Danfoss recently announced the partnership of its Arkadelphia, AR-based facility with the local high school’s “STEM Works” program to facilitate the professional development of science, technology, engineering and math students.

STEM Works was implemented in 2011 by Arkansas Governor Mike Beebe and his Workforce Cabinet to help ensure the state’s workforce will be able to meet escalating demands for employees in high-tech fields.
The partnership between Danfoss and Arkadelphia High School, a nationally-recognized STEM school, is designed to foster opportunities for students to experience first-hand the  increasingly in-demand careers in engineering and technology available in the U.S., and learn about working for a global manufacturer with research and development activities throughout the world.

“This partnership is about sharing our passion for engineering and technology with our next generation workforce,” says Elva Arista, human resources business partner at Danfoss. Danfoss is the first company in the Arkadelphia region to collaborate with the school in support of the STEM program.

Bud McMillion, lead new technology instructor at Arkadelphia High School, says, “Despite having access to advanced design programs and equipment in our classrooms, we need avenues for our students to see how the theoretical concepts and basic projects apply in actual manufacturing settings. We are very appreciative of the resources, insight and effort the local Danfoss team has put forth for our students.”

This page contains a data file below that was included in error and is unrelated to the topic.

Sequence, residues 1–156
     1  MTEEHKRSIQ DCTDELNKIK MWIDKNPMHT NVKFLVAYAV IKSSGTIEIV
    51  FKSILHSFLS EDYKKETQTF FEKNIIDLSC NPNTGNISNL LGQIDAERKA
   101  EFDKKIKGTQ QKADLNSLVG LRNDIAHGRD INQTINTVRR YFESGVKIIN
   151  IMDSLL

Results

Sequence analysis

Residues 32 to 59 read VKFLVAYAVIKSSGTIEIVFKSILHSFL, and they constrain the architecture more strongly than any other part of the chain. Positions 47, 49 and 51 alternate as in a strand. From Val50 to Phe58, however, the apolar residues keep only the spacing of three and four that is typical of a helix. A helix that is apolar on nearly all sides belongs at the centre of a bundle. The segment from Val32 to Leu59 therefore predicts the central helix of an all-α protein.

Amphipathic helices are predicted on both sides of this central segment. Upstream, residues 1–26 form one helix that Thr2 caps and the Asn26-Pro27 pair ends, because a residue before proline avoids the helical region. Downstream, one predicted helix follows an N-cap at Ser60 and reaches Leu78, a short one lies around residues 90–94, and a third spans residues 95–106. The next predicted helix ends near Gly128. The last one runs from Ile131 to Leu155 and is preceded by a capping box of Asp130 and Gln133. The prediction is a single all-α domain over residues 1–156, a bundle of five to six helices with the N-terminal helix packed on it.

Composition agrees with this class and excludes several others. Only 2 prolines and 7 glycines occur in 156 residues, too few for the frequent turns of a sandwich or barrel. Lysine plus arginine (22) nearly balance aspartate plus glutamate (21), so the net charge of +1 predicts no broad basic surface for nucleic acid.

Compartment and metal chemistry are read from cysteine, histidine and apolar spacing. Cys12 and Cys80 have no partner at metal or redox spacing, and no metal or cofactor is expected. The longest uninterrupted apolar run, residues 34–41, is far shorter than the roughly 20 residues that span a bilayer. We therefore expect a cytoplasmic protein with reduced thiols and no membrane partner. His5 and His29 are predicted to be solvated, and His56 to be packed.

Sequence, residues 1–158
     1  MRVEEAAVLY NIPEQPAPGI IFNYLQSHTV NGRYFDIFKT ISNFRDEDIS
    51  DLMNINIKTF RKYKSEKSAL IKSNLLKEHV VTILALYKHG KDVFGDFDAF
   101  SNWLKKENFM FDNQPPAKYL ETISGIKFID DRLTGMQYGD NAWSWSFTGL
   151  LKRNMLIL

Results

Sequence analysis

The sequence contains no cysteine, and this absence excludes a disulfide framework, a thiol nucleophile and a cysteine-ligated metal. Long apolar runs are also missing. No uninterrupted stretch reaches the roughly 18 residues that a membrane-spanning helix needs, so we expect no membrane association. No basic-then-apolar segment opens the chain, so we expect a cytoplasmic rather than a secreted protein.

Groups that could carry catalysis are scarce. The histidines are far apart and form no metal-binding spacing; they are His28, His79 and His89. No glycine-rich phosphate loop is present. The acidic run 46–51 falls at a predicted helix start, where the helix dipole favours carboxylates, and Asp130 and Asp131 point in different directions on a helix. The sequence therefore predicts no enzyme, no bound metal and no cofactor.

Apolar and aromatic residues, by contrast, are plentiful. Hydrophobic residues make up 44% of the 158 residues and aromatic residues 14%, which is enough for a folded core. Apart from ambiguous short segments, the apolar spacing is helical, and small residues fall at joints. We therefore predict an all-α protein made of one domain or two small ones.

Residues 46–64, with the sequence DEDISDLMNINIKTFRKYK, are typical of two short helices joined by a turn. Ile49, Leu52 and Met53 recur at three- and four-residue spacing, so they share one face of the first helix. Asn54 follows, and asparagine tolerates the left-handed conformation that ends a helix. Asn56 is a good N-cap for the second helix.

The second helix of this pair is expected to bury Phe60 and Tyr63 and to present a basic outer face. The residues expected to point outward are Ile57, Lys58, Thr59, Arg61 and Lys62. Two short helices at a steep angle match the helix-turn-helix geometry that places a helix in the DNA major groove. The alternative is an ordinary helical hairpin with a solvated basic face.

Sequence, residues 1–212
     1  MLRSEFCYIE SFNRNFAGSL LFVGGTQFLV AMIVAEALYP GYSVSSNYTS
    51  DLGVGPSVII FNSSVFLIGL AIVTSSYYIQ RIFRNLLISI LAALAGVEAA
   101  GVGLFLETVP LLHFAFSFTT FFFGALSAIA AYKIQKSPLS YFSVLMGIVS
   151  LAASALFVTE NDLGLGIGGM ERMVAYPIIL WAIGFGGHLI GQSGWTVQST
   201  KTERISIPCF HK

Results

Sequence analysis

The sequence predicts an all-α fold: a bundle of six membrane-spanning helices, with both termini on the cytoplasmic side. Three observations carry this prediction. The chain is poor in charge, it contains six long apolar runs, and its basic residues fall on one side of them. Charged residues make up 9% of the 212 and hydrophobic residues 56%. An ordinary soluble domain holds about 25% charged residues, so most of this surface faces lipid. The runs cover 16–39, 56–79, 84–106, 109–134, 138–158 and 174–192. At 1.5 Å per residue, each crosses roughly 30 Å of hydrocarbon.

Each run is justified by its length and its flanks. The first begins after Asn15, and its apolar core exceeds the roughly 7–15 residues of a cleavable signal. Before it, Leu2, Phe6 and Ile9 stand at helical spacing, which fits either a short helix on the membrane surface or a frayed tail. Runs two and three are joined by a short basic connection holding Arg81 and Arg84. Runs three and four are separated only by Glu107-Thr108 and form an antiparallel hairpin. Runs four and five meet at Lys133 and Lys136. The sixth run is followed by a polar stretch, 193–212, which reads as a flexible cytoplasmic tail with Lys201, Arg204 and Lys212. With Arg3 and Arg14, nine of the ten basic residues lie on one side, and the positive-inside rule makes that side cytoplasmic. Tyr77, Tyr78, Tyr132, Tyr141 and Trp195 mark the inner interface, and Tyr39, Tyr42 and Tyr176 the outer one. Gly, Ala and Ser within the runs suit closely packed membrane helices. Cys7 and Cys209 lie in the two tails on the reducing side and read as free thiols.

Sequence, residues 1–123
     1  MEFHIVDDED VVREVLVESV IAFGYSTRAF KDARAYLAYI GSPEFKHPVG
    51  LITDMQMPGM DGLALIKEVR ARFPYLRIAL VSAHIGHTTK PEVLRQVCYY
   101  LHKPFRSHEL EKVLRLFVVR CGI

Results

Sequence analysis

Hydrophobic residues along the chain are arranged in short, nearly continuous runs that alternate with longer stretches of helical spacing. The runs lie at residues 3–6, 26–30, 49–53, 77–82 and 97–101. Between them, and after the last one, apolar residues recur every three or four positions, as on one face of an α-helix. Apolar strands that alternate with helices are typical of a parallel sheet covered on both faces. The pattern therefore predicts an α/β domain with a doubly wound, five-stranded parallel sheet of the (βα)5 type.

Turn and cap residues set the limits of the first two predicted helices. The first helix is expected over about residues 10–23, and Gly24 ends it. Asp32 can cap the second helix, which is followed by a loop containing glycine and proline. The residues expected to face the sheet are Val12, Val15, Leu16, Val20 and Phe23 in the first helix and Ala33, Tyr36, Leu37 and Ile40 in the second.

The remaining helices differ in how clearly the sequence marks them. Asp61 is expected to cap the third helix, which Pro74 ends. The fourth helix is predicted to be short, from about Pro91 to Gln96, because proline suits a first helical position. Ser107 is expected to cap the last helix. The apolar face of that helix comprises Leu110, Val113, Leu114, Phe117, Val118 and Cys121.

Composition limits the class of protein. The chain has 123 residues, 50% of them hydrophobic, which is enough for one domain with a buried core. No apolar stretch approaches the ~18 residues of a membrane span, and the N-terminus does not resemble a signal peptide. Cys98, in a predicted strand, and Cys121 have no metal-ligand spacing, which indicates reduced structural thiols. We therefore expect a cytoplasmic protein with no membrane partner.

Danfoss Hosts Students Onsite

In February, Danfoss hosted more than 80 students for two days at the Arkadelphia facility, where the company manufactures high efficiency and variable speed compressors for air-conditioning and refrigeration systems.

Over the next several months, more students will continue to visit the facility, where Danfoss employees will offer further insight into the fields of engineering and manufacturing. Additionally, Danfoss will provide the students with a hands-on project, mentoring and other activities, such as “Lunch with an Engineer” and “Young Innovators Competition.”

“One of the most effective ways to reinforce classroom learning is to allow students to see the concepts at work,” McMillion says. “Having Danfoss partner with our New Tech program allows just that – in and out of the classroom – by providing time for an engineer to be in our design classes and by allowing those classes to tour their facility.”

The compressor facility is ISO 9001 and 14000 certified, as well as ISO/TS16949 compliant.

Energy Use and the Future Workforce

For Danfoss, this partnership is only a portion of a new three-part initiative developed by the Arkadelphia facility’s management team to engage with and support the local community, and help foster a life-long passion for engineering and technology careers among students of all ages.

“Danfoss is committed to manufacturing high efficiency products for buildings that help save energy and improve the environmental impact of a building today, while also looking forward to tomorrow’s designs and energy demands,” adds Paul Dean, general manager at Danfoss in Arkadelphia. “The building sector alone consumes 40% of all energy used in the U.S., and the need for an innovative workforce will only increase as the demands on our country’s energy resources and infrastructure strengthen.”

“We believe that the students who emerge from the STEM Works program – and other STEM programs around the country, will play a vital role in the impact of our industry on the future of energy," Dean continues, "but, it’s also important that the U.S. move forward with transformative energy policy that will ensure opportunities and job growth in these high-tech fields.”

Developing a larger and more robust base of STEM graduates is one of the Obama Administration’s education priorities.